GCC Middle and Back End API Reference
convert.c File Reference


tree convert_to_pointer ()
tree convert_to_real ()
tree convert_to_integer ()
tree convert_to_complex ()
tree convert_to_vector ()
tree convert_to_fixed ()

Function Documentation

tree convert_to_complex ( )
   Convert EXPR to the complex type TYPE in the usual ways.  

References error().

tree convert_to_fixed ( )
   Convert EXPR to some fixed-point type TYPE.

   EXPR must be fixed-point, float, integer, or enumeral;
   in other cases error is called.  
tree convert_to_integer ( )
   Convert EXPR to some integer (or enum) type TYPE.

   EXPR must be pointer, integer, discrete (enum, char, or bool), float,
   fixed-point or vector; in other cases error is called.

   The result of this is always supposed to be a newly created tree node
   not in use in any existing structure.  
     An INTEGER_TYPE cannot be incomplete, but an ENUMERAL_TYPE can
     be.  Consider `enum E = { a, b = (enum E) 3 };'.  
     Convert e.g. (long)round(d) -> lround(d).  
     If we're converting to char, we may encounter differing behavior
     between converting from double->char vs double->long->char.
     We're in "undefined" territory but we prefer to be conservative,
     so only proceed in "unsafe" math mode.  
             Only convert in ISO C99 mode.  
             Only convert in ISO C99 mode.  
             Only convert in ISO C99 mode.  
             Only convert nearbyint* if we can ignore math exceptions.  
             ... Fall through ...  
             Only convert in ISO C99 mode.  
     Convert (int)logb(d) -> ilogb(d).  
         Convert to an unsigned integer of the correct width first, and from
         there widen/truncate to the required type.  Some targets support the
         coexistence of multiple valid pointer sizes, so fetch the one we need
         from the type.  
         If this is a logical operation, which just returns 0 or 1, we can
         change the type of the expression.  
         If we are widening the type, put in an explicit conversion.
         Similarly if we are not changing the width.  After this, we know
         we are truncating EXPR.  
             If the precision of the EXPR's type is K bits and the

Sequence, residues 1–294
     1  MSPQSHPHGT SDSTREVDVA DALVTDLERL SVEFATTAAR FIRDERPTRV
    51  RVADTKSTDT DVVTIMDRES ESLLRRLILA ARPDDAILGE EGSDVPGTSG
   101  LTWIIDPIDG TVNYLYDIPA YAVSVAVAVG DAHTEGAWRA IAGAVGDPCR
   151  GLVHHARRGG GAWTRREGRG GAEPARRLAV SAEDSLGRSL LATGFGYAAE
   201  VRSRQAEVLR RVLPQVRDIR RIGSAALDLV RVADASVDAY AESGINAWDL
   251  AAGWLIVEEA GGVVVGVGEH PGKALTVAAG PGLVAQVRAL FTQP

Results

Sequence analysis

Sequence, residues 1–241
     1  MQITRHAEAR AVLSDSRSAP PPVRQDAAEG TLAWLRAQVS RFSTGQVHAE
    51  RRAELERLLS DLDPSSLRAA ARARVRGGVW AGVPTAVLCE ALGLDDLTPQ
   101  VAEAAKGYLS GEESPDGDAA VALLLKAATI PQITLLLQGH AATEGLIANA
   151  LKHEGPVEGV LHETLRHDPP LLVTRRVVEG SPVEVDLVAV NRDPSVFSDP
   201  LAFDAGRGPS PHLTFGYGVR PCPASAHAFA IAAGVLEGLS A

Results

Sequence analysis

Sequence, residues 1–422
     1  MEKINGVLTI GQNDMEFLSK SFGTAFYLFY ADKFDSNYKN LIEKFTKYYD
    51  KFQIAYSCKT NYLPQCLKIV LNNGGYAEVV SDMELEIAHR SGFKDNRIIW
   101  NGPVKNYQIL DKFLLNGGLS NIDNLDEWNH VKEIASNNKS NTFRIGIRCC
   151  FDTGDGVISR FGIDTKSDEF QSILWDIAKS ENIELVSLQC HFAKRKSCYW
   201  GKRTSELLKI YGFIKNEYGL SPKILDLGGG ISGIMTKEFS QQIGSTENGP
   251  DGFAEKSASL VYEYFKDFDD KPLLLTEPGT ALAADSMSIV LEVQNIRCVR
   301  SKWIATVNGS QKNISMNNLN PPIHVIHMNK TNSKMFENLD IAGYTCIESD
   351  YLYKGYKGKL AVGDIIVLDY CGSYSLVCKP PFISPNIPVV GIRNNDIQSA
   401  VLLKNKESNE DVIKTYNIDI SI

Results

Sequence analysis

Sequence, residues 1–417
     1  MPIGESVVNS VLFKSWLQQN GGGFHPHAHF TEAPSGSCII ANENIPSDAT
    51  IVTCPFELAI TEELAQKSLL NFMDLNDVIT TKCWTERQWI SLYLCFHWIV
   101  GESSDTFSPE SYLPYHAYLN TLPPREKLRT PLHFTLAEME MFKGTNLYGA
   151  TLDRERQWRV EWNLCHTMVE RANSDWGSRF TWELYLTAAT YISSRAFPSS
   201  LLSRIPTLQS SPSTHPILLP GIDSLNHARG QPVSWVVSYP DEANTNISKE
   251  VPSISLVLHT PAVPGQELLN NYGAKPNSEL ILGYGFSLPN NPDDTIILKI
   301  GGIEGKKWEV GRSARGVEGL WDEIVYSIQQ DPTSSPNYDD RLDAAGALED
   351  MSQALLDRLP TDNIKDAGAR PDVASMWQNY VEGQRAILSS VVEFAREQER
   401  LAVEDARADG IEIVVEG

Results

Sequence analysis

destination mode has more bits, and the sign is changing,
             it is not safe to use a NOP_EXPR.  For example, suppose
             that EXPR's type is a 3-bit unsigned integer type, the
             TYPE is a 3-bit signed integer type, and the machine mode
             for the types is 8-bit QImode.  In that case, the
             conversion necessitates an explicit sign-extension.  In
             the signed-to-unsigned case the high-order bits have to
             be cleared.  
         If TYPE is an enumeral type or a type with a precision less
         than the number of bits in its mode, do the conversion to the
         type corresponding to its mode, then do a nop conversion
         to TYPE.  
         Here detect when we can distribute the truncation down past some
         arithmetic.  For example, if adding two longs and converting to an
         int, we can equally well convert both to ints and then add.
         For the operations handled here, such truncation distribution
         is always safe.
         It is desirable in these cases:
         1) when truncating down to full-word from a larger size
         2) when truncating takes no work.
         3) when at least one operand of the arithmetic has been extended
         (as by C's default conversions).  In this case we need two conversions
         if we do the arithmetic as already requested, so we might as well
         truncate both and then combine.  Perhaps that way we need only one.

         Note that in general we cannot do the arithmetic in a type
         shorter than the desired result of conversion, even if the operands
         are both extended from a shorter type, because they might overflow
         if combined in that type.  The exceptions to this--the times when
         two narrow values can be combined in their narrow type even to
         make a wider result--are handled by "shorten" in build_binary_op.  
             We can pass truncation down through right shifting
             when the shift count is a nonpositive constant.  
             We can pass truncation down through left shifting
             when the shift count is a nonnegative constant and
             the target type is unsigned.  
                 If shift count is less than the width of the truncated type,
                 really shift.  
                   In this case, shifting is like multiplication.